Thu Oct 27 11:06:11 CAT 2016


By unknown | Jul 09, 2009 | COMMENTS [ 0 ]

ANC Youth League leader Julius Malema has risen to the occasion again and thrown the cat among the pigeons.

ANC Youth League leader Julius Malema has risen to the occasion again and thrown the cat among the pigeons.

This time he has called on the ANC to nationalise mines.

For a while the ANC reacted like a hare caught in the glare of a cars' headlights.

"There is no plan to nationalise the mines," said ANC secretary-general Gwede Mantashe.

Later, Mantashe recanted, saying the issue of nationalisation must be debated.

Then Malema threw a curved ball, saying there was, in fact, no dispute around the issue of nationalisation.

"The ANC remains committed to the Freedom Charter (which calls for the nationalisation of the the country's natural resources)," he said.

"It's just that there are people who think they are more ANC than others."

So, according to Malema, the whole brouhaha about nationalisation is actually just broedertwis (sibling rivalry) among ANC members about who the real ANC is.


In fact, a peep into the ANC Polokwane resolution on economic transformation could prove that Malema's assertion about broedertwis is not far off the mark.

According to the resolution, the ANC's vision of economic transformation "takes as its starting point the Freedom Charter's clarion call that the people share in the country's wealth".

The resolution goes on to say that the party will achieve this objective "by transforming the structures of production and ownership, including through state custody of the nation's natural resources on behalf of the people".

Some call this process nationalisation. So the ANC is committed to nationalisation. The question is most probably where and how.

In fact, as Mantashe has pointed out, the ANC has nationalised the mineral rights in this country. In terms of the Mineral and Petroleum Resources Development Act of 2002, the state is the sole custodian of the country's mineral rights.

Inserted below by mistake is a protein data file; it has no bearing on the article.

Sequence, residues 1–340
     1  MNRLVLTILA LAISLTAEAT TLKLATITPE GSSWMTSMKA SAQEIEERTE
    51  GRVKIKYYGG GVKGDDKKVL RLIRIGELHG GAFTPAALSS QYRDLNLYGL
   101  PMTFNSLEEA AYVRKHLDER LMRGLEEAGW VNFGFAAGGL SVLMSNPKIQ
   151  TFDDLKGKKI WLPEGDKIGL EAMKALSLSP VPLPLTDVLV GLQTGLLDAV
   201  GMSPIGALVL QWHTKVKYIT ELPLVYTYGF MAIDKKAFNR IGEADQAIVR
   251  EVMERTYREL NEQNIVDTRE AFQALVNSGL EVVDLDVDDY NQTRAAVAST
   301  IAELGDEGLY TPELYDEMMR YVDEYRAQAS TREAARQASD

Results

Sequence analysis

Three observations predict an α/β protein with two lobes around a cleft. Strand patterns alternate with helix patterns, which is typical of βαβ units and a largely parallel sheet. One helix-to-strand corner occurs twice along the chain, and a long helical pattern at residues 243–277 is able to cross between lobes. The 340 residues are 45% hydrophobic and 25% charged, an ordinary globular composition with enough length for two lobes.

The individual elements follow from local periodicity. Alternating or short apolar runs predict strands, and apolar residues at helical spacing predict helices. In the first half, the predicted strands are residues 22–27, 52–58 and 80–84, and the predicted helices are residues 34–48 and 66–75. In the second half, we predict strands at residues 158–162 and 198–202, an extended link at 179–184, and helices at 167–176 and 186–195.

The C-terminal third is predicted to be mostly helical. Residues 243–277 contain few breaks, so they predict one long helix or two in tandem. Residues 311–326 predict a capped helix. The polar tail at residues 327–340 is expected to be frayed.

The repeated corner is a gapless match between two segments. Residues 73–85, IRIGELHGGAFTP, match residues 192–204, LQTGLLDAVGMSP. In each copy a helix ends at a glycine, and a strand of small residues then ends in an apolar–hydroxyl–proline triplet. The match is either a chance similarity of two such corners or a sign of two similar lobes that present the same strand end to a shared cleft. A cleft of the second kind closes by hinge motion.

The problem is the actual extraction of the minerals has been given to the private sector.

The list of clashes between mining companies and communities in areas such as Limpopo are signs that this arrangement is not benefitting those communities.

One of the resolutions passed at the party's Polokwane conference was that the government should establish a state-owned mining company. This company would be involved in prospecting and actual mining on behalf of the people of South Africa.

To redress the situation, it has also been proposed that the state-owned mining company should become a majority shareholder in all mining operations.

These initiatives will indeed go a long way to ensuring that the natural resources of the country are shared by all its citizens.

In fact, to ensure that such wealth is equitably shared, revenues must be socialised.

This means we should not have a situation in which only the communities where the mines are based benefit from the outputs. Revenue must be utilised for the general development of communities throughout the country.

Concern has arisen about the efficiency of state-owned institutions. Indeed, the history of state-owned institutions does nothing to counter this concern.

But it must be pointed out that once again the ANC Polokwane conference had taken some steps to deal with this dire situation.


The conference had resolved "to ensure that state-owned enterprises, agencies and utilities - as well as companies in which the state has significant shareholding - respond to a clearly defined public mandate".

The ANC has come out to say that its mandate is to establish a "developmental state" that will intervene to benefit its people. It now has a resolution that says the state-owned entities must act in a manner that helps the state meet that mandate.

In this regard the ANC has put in place structures such at the monitoring and evaluation ministry, as well as the planning commission to ensure there is integrated planning and accountability.

One of the criticisms against state-owned enterprises has been that they normally operate as self-serving silos - with very little indication that they see themselves as part of a broader developmental strategy.

With these structures in place we hope the situation will improve. The ball is now in the ANC-led government's court to show that it is indeed business unusual and having efficient state-owned entities is part of the new order.


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